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ANSWERED on Sat 16 May 2009 - 1:39 am UTC by easterangel

Question: How Much Do These Trees Weigh?

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Fri 15 May 2009 - 5:10 am UTC

Question

erstiv
Customer

How much does an average, full grown (i.e. a tree that has reached the majority of its average final growth...say 40-50 years?), Teak, Mahogany, and Ebony tree weigh?  Preferably, these tree weights would correspond to these trees grown in central Africa but if weights are only available for other tropical/sub-tropical regions that will be acceptable.  Thanks!

 
 

Fri 15 May 2009 - 9:49 am UTC

Comment

Weighing plants has many difficulties. Do you include below ground parts, seeds, fruit, leaves, or just wood. Most reported results are dry weight to eliminate water weight variables. The next difficulty with trees or woody perennials is age. Very mature plants have sizes that to not permit easy handling so trees are measured according to their girth at breast height and their total height. Measurements are used to estimate biomass.

 

Fri 15 May 2009 - 10:49 am UTC

Request for clarification

easterangel
Former Researcher

Hi erstiv!

Would averages be enough and should the figures be from central Africa only or is it ok to relax on this requirement?

Regards!

 

Fri 15 May 2009 - 3:35 pm UTC

Question clarification

erstiv
Customer

hey easterangel!  Averages would be enough as long as the average specifies that they are talking about a 'full grown' tree.  e.g. if you found a source that said something like "ebony trees often reach 50 feet in height, with a diameter of 6 feet and can weigh as much as 10,000 lbs," that would be fine.  I would prefer central africa but, as long as they are not two dramatically different climates or species of tree, another source would be acceptable.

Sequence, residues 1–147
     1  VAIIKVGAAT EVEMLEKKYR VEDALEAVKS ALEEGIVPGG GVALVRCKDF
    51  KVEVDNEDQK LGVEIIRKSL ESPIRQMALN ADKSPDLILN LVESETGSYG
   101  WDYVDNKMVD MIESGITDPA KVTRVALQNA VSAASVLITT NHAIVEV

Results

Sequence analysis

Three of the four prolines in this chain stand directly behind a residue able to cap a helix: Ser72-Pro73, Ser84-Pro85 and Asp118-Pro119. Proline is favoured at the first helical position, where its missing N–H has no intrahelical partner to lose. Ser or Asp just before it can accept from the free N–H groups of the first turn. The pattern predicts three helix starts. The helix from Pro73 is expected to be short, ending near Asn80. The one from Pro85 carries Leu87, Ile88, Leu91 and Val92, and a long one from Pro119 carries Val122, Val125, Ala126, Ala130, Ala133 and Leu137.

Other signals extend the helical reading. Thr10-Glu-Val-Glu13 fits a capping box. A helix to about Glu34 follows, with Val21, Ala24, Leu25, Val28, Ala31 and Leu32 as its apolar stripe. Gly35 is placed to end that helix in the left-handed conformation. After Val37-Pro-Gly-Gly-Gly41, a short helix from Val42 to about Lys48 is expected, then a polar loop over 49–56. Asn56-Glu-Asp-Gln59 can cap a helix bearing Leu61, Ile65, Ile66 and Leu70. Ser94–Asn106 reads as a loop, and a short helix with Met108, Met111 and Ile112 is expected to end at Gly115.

Devilsnani has some good points as well.  As far as below ground parts I have found that a rule of thumb is to add 20% to the total weight of the tree if all you have is above ground weight.  Dry weight is just fine as long as it is specified. 

Thanks!

 

Sat 16 May 2009 - 1:39 am UTC

Answer

easterangel
Former Researcher

Hi erstiv!

The following articles provide the estimated weight averages of the following types of trees. The sources are applicable to African trees. They are measured per cubic feet.

Mahogany - 32 to 34 pounds per cubic foot
http://www.thefreelibrary.com/African+mahogany+winning+over+Cuban+mahogany+fans.+(Wood+of+the+Month)-a090934437

Teak -30 to 49 pounds per cubic foot
http://www.thefreelibrary.com/Muninga+yields+great+wood+for+carving,+turnery+and+furniture.+(Wood...-a090192084

Ebony - 65 lb./cu. ft
http://worldtimbercorp.com/EbonyGaboon.htm

I hope these will be of help. Just ask for a clarification if you need further assistance as regards this particular topic.

Regards,
Easterangel

 
 

Sat 16 May 2009 - 8:54 am UTC

Comment

Just by the way... and sorry to digress.........

 My father and I worked with Red Ironbark Eucalypt, one of the heaviest timbers in the world and one of the hardest;it is like rock!!

 It weighs in at MORE than 1 tonne to the cubic meter!! Take my word for it that is extremely heavy and only bettered by 2 or theee timbers anywhere in the world. One of the more beautiful timbers of the world however in terms of colour, grain, sheen etc